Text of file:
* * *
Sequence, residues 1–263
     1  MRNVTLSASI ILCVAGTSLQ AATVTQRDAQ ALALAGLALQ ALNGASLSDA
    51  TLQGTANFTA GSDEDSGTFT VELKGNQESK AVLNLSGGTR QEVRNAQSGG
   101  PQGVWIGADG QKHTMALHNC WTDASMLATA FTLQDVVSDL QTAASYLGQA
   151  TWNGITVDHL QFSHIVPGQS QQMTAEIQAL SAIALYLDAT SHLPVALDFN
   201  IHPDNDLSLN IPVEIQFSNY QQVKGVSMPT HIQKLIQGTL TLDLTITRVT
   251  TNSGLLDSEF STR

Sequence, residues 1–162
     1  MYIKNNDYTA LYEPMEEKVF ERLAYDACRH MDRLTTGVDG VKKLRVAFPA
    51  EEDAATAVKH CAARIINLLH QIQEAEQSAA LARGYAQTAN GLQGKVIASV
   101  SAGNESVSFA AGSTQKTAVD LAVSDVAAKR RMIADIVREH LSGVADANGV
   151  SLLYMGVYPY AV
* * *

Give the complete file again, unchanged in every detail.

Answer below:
Sequence, residues 1–263
     1  MRNVTLSASI ILCVAGTSLQ AATVTQRDAQ ALALAGLALQ ALNGASLSDA
    51  TLQGTANFTA GSDEDSGTFT VELKGNQESK AVLNLSGGTR QEVRNAQSGG
   101  PQGVWIGADG QKHTMALHNC WTDASMLATA FTLQDVVSDL QTAASYLGQA
   151  TWNGITVDHL QFSHIVPGQS QQMTAEIQAL SAIALYLDAT SHLPVALDFN
   201  IHPDNDLSLN IPVEIQFSNY QQVKGVSMPT HIQKLIQGTL TLDLTITRVT
   251  TNSGLLDSEF STR

Sequence, residues 1–162
     1  MYIKNNDYTA LYEPMEEKVF ERLAYDACRH MDRLTTGVDG VKKLRVAFPA
    51  EEDAATAVKH CAARIINLLH QIQEAEQSAA LARGYAQTAN GLQGKVIASV
   101  SAGNESVSFA AGSTQKTAVD LAVSDVAAKR RMIADIVREH LSGVADANGV
   151  SLLYMGVYPY AV